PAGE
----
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What Does HIV Stigma Look Like in the U.S. South?

March 14, 2014

The Southern Series

Stigma can be anywhere -- and sometimes, it feels like it's everywhere. We asked people -- activists, care providers and community members -- what they thought about stigma in the U.S. South, an area that is burdened with a large portion of the country's HIV diagnoses and its HIV-related deaths. Because the key to fighting HIV lies in fighting stigma, we asked these people: "What do you think HIV stigma looks like in the South and how can we break it?"

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Brandon Wollerson

Brandon Wollerson

Travis County Integral Care, Austin, Texas

I think the biggest face of stigma in the South is homophobia. And that's inherently linked to the relationship between church and social policy and it has done a lot of damage, not only to my own personal life but to a lot of people I love and talk about.

Katherine Cantrell

Katherine Cantrell

City of Austin Health and Human Services, Austin, Texas

I think homophobia is a huge part of it. In the South, there's a conservative mindset that revolves around HIV and stigma and homophobia, war on poverty, war on all kinds of things that only policy and people speaking up are going to change.

Sabina Strat

Sabina Strat

Philadelphia Center, Shreveport, La.

If you mention stigma, I mention segregation. Segregation is not only racial, it's segregation based upon anything that shows a difference between one group of people and another group of people. And the "acceptable" group of people have values that they're not ready to negotiate in any way.

Ruth Deramus

Ruth Deramus

Activist, Alabama

In the South, stigma looks so much like racism. And, living in the South all my life, I know what racism looks like. So that's what stigma looks like in the South. And the only way we're going to break stigma is that we have to learn to come together and realize that we are all human and we are all in this together.

Wayne Smith

Wayne Smith

Samaritan Ministry, Knoxville, Tenn.

I still think a large part of the stigma is based on the idea that people who get HIV are bad people. So, if you're talking about gay or bisexual men, they're doing stuff that they shouldn't be doing, and when we talk about IV drug use, we're thinking "bad people." I think a lot of the stigma has to do with, "Well, if you weren't behaving badly, you wouldn't have HIV." And that, to me, is the root of that whole thing. We just need to continue talking. It's old adage, it's trite to say, but when people have a face to this disease, they know somebody, I think the stigma part really starts to wash away, because it's not some unknown person out there who has HIV. It's Billy or Susie or Johnny, or you know, someone that they know who is HIV positive and then they start to see that person as that human being and HIV doesn't define who they are anymore.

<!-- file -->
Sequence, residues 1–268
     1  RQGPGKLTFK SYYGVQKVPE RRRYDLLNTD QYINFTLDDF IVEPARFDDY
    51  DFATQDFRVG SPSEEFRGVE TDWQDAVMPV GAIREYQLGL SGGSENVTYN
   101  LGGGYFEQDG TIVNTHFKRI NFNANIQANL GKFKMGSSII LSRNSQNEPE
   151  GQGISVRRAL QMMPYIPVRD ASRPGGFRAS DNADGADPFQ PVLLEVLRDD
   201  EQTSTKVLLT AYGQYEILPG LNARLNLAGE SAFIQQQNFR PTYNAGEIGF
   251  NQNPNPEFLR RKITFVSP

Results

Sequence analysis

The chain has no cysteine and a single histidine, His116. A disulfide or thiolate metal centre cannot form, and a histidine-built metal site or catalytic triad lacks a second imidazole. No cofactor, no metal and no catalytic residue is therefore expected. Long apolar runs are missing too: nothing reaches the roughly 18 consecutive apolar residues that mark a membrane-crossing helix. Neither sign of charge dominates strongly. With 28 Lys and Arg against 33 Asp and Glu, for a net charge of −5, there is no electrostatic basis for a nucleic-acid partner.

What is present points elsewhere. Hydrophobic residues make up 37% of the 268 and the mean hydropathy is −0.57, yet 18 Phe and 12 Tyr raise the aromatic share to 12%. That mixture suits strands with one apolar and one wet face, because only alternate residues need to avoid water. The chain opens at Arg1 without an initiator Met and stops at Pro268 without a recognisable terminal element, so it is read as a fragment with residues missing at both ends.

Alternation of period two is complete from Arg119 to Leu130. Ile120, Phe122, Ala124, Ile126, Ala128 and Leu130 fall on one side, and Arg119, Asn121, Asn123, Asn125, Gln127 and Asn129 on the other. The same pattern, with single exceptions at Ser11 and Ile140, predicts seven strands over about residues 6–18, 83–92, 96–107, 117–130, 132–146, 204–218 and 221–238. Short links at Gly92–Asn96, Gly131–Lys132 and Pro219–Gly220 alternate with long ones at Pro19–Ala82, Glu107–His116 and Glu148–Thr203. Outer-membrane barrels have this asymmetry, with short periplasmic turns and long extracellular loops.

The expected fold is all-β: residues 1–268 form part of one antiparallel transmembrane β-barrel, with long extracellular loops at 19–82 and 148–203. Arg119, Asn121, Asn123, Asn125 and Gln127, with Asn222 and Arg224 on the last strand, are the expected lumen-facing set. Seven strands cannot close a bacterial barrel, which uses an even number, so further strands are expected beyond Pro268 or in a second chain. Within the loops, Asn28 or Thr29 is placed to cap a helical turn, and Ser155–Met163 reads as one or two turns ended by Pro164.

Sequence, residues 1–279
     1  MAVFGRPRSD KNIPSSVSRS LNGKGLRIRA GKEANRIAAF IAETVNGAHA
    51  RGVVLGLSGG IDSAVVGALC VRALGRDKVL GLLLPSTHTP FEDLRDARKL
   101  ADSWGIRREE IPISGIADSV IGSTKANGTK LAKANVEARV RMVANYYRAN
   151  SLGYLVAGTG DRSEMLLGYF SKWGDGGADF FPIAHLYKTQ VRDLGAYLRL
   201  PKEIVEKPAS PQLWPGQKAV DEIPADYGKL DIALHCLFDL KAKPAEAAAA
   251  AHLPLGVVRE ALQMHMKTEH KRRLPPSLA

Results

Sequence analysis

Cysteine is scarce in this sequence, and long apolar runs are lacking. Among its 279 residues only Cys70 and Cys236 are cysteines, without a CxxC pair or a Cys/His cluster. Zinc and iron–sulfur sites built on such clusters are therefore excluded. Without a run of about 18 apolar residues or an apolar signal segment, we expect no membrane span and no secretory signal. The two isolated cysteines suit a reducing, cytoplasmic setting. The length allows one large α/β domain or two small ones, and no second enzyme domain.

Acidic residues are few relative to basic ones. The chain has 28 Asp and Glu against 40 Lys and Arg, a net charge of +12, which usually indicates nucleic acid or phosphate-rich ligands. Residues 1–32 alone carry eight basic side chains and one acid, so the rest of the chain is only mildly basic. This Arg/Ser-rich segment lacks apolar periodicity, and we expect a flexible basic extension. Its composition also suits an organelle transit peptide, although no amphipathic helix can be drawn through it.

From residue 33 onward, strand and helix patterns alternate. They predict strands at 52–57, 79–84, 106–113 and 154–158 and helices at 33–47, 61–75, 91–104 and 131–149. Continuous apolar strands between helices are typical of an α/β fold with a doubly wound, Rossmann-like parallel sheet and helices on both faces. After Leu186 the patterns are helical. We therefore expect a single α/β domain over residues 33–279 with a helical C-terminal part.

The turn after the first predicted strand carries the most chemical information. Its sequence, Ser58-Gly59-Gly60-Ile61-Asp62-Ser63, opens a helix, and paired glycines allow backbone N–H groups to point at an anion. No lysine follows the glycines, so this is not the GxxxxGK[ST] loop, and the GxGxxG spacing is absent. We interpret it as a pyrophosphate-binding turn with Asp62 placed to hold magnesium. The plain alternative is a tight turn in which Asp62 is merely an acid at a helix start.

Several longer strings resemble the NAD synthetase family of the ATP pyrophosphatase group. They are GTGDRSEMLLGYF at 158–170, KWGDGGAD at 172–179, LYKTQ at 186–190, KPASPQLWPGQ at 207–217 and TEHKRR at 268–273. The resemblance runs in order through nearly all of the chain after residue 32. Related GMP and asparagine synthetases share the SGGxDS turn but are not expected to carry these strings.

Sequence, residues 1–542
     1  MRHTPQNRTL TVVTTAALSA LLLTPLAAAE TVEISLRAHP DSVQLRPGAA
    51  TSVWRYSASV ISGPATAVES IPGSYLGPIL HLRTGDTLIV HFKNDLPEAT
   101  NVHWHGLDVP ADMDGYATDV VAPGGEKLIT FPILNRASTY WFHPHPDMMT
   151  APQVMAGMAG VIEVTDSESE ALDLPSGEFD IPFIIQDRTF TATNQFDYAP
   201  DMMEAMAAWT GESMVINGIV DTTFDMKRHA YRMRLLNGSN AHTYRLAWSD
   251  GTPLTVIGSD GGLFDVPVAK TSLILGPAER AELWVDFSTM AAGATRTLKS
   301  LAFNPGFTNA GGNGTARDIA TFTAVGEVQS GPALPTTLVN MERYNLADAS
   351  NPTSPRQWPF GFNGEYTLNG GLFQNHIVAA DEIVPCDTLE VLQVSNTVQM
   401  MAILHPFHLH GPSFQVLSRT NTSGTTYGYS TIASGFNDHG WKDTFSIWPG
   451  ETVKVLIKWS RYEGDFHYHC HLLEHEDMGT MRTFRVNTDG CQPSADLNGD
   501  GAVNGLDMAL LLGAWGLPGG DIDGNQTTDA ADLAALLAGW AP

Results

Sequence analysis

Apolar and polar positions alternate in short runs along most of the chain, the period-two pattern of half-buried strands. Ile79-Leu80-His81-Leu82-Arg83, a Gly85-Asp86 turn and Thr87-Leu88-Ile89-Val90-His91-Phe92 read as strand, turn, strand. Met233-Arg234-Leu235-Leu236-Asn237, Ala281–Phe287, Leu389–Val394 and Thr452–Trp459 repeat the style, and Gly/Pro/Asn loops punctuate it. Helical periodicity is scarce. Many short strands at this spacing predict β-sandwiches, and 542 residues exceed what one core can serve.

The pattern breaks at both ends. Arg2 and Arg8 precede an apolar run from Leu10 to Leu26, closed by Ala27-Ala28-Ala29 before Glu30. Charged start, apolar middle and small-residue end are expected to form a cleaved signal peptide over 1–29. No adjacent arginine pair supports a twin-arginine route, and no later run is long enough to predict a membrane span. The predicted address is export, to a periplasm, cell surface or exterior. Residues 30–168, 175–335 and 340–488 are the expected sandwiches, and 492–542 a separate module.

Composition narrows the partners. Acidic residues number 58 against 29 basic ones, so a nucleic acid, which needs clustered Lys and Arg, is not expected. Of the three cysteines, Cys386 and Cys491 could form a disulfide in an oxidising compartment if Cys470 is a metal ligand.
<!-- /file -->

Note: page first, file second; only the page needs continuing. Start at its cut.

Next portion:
Antwan Nicholson

Antwan Nicholson

My Brother's Keeper, Inc., Jackson, Miss.

My main thing that I probably see is lack of knowledge. And by the community having that lack of knowledge, or being afraid of HIV, they kinda say things where they've picked up on missed facts and things like that -- and they run with those myths and missing facts, so that sort of adds to the stigma and adds to the problem. So if we can get rid of the overall myths and misinformation and give them the proper information -- give them the knowledge, being in the know, is one of the things that I think can help move past the stigma. Probably won't even get rid of the stigma, because it is what it is. But we want to keep pushing and keep fighting in hopes to cover as much ground as we can to get rid of it.

Cedric Sturdevant

Cedric Sturdevant

My Brother's Keeper, Inc., Jackson, Miss.

Stigma in our area basically is no education, still, surrounding the disease. One thing that I think that we could do to kind of combat that stigma is to really start educating people. I think we need to go into the high schools. I always say somebody should go into middle schools -- into middle schools, into high schools, especially our churches, you know, in our homes, to really talk about HIV. First we need to start talking about sex; you know, then we have to talk about different lifestyles that people live. And HIV, and I think that'd eliminate a lot of the stigma, once we start doing all that. In the area that I live, in Mississippi, people just don't want to talk, period. So it we should start talking, just start having conversations -- go into the middle schools, see what they know; have the churches to really realize that you can't just talk about HIV and not talk about sex or not talk about homosexuality. So, to get all that out in the open, and start having dialogues about it, I think it would kinda eliminate some of the stigma that we have today in our community.




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